Singapore - Brent crude futures rose above $104 on Tuesday, buoyed by the risk of supply being disrupted from Central Asian oil producer Kazakhstan, even as sanctions-hit Iran struggles to maintain its production and Libyan output is delayed.
Hundreds of oil workers held a third day of protests in the capital of Kazakhstan’s western oil-producing region after at least 15 people were killed in the state’s deadliest riots in decades. The country’s crude production is estimated at around 1.6 million barrels per day.
Brent crude rose 56 cents to $104.20 a barrel by 0434 GMT, posting the biggest gain in a week. US crude was up 37 cents at $94.25 a barrel, after rising as high as $94.58 earlier in the day.
“Geopolitical tensions that threaten oil supply have put a floor under prices, and with better economic data out of the United States, there are enough factors to push oil higher, barring any surprises out of the euro zone,” said Ben Le Brun, market analyst with OptionsXpress in Sydney.
Despite the rising tensions in Kazakhstan, Italian oil and gas group Eni said its business in Kazakhstan had not been affected so far by protests there.
There were renewed concerns over supply disruptions in Iran, after the OPEC member said crude production had dropped due to lack of investment in oil fields as the country’s faces the West’s toughest ever sanctions over its nuclear program.
The Islamic Republic is also struggling with crude sales with top buyer China slashing volumes by about half for January than what it typically imports as the two haggle over terms.
“It appears increasingly likely that Iran may need to turn to floating storage - effectively reducing its near-term crude supply - as it has at times in the past when it has had difficulty placing crude,” JPMorgan analysts said in a report. Oil output
“Iran followed Saudi Arabia’s lead in raising OSPs to record levels for January loadings, and given potential payment and political difficulties associated with purchasing Iranian crude, it is unsurprising that some buyers are searching for alternatives,” JPMorgan analysts said.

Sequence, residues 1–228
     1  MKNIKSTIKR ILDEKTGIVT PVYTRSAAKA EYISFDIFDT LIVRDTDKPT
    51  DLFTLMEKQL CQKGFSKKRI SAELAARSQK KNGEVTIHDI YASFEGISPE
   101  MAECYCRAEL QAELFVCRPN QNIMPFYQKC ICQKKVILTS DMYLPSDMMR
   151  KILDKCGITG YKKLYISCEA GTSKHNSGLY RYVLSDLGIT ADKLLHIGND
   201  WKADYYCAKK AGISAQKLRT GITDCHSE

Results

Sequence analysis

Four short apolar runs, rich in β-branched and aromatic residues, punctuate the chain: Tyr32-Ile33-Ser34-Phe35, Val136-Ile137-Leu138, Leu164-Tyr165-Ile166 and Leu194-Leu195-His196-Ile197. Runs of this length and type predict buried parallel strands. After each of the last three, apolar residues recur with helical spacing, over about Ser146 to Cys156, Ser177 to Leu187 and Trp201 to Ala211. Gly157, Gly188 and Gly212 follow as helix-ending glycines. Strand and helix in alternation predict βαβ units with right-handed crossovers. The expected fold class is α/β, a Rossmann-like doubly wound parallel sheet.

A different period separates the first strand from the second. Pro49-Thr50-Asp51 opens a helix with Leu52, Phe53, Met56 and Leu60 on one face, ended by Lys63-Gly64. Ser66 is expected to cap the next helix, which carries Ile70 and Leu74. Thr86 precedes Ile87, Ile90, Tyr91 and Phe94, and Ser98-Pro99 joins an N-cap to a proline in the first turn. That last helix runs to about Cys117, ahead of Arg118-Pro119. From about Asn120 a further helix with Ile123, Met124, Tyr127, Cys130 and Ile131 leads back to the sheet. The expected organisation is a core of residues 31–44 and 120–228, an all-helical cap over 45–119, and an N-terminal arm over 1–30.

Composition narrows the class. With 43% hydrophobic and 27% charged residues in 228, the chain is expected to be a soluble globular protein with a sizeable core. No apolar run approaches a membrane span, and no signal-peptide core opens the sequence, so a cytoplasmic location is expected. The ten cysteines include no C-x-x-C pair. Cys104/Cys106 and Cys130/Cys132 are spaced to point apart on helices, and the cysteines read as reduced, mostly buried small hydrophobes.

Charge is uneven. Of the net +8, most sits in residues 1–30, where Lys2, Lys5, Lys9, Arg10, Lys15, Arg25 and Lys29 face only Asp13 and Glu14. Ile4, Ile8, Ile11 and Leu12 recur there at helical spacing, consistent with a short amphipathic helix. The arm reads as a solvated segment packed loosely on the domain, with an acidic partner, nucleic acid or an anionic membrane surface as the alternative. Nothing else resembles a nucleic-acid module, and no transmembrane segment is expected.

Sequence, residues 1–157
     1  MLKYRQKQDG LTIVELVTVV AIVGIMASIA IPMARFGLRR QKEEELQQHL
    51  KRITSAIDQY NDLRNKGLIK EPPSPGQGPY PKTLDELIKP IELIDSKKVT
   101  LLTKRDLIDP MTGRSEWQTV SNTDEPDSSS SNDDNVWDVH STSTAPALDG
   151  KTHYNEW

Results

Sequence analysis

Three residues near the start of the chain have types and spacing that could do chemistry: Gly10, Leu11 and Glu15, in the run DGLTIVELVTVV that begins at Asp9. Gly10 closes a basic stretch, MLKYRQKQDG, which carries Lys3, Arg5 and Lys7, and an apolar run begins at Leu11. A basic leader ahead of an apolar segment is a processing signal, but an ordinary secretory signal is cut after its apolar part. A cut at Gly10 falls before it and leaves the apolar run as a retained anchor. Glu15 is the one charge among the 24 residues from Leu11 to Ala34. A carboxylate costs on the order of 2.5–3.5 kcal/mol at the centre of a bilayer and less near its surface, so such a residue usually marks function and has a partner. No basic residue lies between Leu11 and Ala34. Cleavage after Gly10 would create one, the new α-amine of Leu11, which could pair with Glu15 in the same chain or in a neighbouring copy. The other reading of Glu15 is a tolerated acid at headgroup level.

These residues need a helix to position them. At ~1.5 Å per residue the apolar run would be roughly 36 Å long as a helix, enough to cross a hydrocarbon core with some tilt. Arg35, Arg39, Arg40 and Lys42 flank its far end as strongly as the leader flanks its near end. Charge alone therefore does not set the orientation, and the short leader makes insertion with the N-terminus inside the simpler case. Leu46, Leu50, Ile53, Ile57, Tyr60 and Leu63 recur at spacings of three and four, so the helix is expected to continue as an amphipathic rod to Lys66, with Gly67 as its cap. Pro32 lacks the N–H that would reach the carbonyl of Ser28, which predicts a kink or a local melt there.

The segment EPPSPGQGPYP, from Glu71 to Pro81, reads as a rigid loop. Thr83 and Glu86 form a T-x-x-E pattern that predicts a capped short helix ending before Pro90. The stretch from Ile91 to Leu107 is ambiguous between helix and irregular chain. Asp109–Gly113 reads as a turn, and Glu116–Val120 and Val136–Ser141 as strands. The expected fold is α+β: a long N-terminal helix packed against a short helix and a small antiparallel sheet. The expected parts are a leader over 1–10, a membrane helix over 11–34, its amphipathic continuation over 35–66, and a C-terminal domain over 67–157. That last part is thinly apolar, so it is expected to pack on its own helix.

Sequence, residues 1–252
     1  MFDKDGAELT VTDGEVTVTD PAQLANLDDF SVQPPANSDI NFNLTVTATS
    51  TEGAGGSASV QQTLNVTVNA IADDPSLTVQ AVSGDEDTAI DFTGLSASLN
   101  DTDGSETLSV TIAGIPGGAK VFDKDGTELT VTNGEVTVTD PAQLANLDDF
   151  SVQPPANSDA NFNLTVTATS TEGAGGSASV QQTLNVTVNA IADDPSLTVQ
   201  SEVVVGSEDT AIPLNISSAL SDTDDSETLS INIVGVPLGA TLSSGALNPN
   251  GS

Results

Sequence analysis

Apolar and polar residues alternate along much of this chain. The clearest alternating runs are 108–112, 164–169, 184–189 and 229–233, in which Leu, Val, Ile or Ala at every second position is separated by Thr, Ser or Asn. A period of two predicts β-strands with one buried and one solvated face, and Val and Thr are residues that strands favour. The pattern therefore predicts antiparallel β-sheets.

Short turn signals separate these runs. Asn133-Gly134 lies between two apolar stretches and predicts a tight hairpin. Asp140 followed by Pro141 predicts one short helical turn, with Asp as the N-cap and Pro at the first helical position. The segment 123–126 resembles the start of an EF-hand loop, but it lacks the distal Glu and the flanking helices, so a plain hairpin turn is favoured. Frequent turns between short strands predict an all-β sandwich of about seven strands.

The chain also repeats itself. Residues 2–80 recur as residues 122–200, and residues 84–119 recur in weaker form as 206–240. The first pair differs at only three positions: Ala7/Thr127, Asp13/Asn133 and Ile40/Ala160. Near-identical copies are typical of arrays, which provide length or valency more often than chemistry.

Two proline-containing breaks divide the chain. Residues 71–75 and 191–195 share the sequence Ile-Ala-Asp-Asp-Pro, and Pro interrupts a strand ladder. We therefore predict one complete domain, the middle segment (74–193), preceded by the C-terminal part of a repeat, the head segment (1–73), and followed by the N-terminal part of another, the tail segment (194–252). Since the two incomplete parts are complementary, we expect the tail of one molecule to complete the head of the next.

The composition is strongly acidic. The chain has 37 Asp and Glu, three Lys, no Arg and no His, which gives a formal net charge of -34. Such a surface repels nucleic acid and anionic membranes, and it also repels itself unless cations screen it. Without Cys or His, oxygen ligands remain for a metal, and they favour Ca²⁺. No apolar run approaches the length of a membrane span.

In Libya, the National Oil Company (NOC) delayed plans to restart its largest refinery at Ras Lanuf by at least a month, as the plant remains cut off from a steady supply of crude for processing.
Market participants were also watching developments in OPEC producer Iraq after the departure of U.S. forces. Iraq issued an arrest warrant for Sunni Vice President Tareq al-Hashemi, after the government obtained confessions linking him to what the official called terrorist activities.
Fresh signs of U.S. economic growth accelerating further lifted sentiment, with data on Monday pointing to a potential recovery in the beleaguered U.S. housing market next year. Eurozone, Korean jitters
Yet, gains were capped by ongoing concerns that the euro zone debt crisis could tip the global economy into a recession.
Gold, Asian stocks and the euro steadied on Tuesday, with the overall outlook weak after European Central Bank President Mario Draghi’s testimony dampened the latest wave of optimism about the region’s ability to tackle the crisis.
“The ECB President’s recent statements that the central bank does not have authority to increase its bond purchases leave investors feeling they have little choice other than to maintain a defensive stance at present,” Ric Spooner, chief market analyst with CMC Markets in Sydney, said in a report.
Market sentiment in Asia is already risk-averse, as the death of North Korean leader Kim Jong-il has raised fears of regional instability.
Ahead of weekly inventory reports, U.S. crude stocks were expected to have fallen last week, with distillate stockpiles slightly lower and gasoline stockpiles up, a Reuters survey of analysts showed.